The Lighthouse Keeper’s Lunch


The Lighthouse Keeper’s Lunch, by Ronda Armitage, is a favourite of my eight-year-old daughter’s. This is partly because it’s a fun story, and partly because we enjoy going through pointing out all the problems with it.

My daughter is a huge fan of the CinemaSins YouTube channel. (Yes, this is probably a terrible idea and bad mothering on my part, but she’s only interested in the reviews of children’s films, so hopefully she isn’t going to end up watching extracts from some weird slasher film while my back’s turned.) Last night, while she was reading this book for the umpteenth time, she declared ‘We really need to make a list of all the things wrong with this book like the Sin Counter does!’

And so here I am. (And, Ronda Armitage, if you’re reading this – my daughter absolutely loves your book. Plot bizarreness and all.)

Basic plot (with spoilers)

Simple enough. Mr Grinling works in a lighthouse. Every day, his wife makes a detailed and delicious packed lunch for him, and sends it to him down a cable transport system (they live in a cottage on the nearby cliff). Some seagulls get wise to this and start eating the lunch on the way down, leaving poor Mr Grimling lunchless. Mr and Mrs Grinling try a couple of different things to discourage the seagulls, eventually winning the battle when Mrs Grinling comes up with the idea of putting mustard sandwiches in his lunch. The seagulls don’t like the mustard sandwiches, and after a couple of days of this head off to seek their lunch elsewhere. Success! Well, except for the unfortunate fisherman who’s having his lunch eaten by seagulls at the end. But success for Mr Grinling, who gets his lunch.

Problems with the plot

(As opposed to problems with the gender role portrayal, which are pretty obvious.)

  1. Why on earth does Mrs Grinling send the lunch down a cable every day? Surely it would be far simpler to make it the day before so that Mr Grinling can take it over in his boat each day when he commutes? What would happen if the cable jammed and left his lunch dangling fifty feet in the air over the sea? What if the basket tipped off in a storm? (It definitely doesn’t look too secure in the pictures.)
  2. How do the seagulls have time to finish the lunch in the time it takes to slide down a cable? Sure, they could probably peck at it somewhat, but apparently they’re supposed to have completely finished it in the time it takes to get down the line (and this is not a small lunch).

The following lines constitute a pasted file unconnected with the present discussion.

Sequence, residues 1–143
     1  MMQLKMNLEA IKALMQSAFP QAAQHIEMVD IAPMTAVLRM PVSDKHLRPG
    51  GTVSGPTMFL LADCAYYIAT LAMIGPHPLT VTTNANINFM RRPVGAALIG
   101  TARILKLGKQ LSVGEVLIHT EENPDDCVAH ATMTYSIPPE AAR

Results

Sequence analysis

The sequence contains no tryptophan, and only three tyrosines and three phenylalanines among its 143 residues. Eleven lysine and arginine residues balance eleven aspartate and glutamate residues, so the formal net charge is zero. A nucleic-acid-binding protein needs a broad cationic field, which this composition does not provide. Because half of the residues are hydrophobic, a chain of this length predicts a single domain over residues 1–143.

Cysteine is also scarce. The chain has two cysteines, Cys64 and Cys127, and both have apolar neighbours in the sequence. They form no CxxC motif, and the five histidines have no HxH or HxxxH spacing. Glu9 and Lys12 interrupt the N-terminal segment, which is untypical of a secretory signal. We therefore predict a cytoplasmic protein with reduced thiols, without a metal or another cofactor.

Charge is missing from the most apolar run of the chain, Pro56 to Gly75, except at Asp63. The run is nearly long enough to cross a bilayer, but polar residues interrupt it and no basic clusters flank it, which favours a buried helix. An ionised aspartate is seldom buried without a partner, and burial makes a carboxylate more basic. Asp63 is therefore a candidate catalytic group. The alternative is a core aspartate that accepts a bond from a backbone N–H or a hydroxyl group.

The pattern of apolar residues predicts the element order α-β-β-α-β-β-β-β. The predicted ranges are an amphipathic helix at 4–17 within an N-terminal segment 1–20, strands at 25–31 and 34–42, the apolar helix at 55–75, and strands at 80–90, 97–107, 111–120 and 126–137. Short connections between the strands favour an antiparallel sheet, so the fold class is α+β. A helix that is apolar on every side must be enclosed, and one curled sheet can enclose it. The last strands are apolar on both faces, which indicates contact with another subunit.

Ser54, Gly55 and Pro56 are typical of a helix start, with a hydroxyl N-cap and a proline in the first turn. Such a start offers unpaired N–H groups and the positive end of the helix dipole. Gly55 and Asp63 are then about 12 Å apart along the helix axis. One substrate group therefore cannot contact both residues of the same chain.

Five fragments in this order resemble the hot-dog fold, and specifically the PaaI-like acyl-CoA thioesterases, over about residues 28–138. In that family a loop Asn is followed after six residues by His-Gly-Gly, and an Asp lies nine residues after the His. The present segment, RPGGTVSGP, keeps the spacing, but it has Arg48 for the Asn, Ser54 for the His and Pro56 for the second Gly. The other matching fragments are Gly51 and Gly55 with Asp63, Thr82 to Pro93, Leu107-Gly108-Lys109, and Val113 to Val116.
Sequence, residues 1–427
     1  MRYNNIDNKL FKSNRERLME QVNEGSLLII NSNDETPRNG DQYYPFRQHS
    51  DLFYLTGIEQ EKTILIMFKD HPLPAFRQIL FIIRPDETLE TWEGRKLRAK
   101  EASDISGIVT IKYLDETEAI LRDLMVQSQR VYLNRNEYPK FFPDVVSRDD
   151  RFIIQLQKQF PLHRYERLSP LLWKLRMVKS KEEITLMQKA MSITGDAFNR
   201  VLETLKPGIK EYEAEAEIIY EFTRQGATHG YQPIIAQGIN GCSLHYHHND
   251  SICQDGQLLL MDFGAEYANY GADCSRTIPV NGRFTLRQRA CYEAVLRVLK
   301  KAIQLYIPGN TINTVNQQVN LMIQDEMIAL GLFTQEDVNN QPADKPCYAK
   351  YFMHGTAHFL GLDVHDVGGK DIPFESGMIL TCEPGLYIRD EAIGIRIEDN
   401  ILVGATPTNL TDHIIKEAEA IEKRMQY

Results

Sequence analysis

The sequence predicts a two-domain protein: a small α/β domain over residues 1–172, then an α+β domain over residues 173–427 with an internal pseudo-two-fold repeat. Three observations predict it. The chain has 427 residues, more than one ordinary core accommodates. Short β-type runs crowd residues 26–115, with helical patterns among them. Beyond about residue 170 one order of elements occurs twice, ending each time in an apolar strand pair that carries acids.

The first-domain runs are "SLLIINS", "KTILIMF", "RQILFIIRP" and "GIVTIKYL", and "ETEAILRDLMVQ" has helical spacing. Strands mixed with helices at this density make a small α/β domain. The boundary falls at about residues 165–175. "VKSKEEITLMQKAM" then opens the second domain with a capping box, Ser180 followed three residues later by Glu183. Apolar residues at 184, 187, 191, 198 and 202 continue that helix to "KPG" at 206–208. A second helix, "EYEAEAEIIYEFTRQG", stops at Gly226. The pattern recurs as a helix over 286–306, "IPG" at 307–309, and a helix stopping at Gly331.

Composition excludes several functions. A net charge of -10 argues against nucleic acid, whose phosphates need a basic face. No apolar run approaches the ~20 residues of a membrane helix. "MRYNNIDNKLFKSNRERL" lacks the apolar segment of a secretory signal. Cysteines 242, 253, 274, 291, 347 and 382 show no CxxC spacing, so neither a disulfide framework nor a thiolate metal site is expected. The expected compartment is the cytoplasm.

3. Mrs Grinling’s first attempt at foiling the seagulls is to tie the napkin to the basket – cue picture of Mrs Grinling standing triumphantly next to a ribbon-bound basket. In which she appears to have added one ribbon totally for decoration, as it runs horizontally round the basket, under the other ribbons, contributing nothing whatsoever to the ribbon-induced security of the basket. What was the point of that?
  4. But what’s far worse is her next plan – with Mr Grinling’s full co-operation, she decides to send their cat down the cable as well in order to scare away the seagulls. Yup. We have a picture of a terrified cat being placed in a basket despite his struggles, and then one of him cowering in the basket in terrified misery as he travels down this insecure cable arrangement, at risk of toppling fifty feet into the sea below and getting dashed against the cliffs. The Grinlings are totally OK with doing this. Someone report this couple to the RSPCA.
  5. Mrs Grinling finally comes up with the mustard sandwich plan, and we have a full-page picture of the seagulls spitting the sandwiches out with cries of revulsion. And – kudos to my daughter for picking up this particular point – the falling sandwiches show human-shaped bite marks, rather than beak-shaped bite marks. How exactly did this happen? Did the seagulls’ beaks somehow magically metamorphosize into human mouths for just long enough to take those fateful bites, then change back again?

 

So… what’s the moral? Maybe it’s that you should prepare for work the night before, a la Flylady; maybe it’s that being cruel to animals brings you no benefit, but, hell, you’ll also apparently suffer no consequences from it so why not give it a try. (Nope. Let’s not go with that one.) On the whole, I think it’s that it’s probably not a good idea to overanalyse children’s books.

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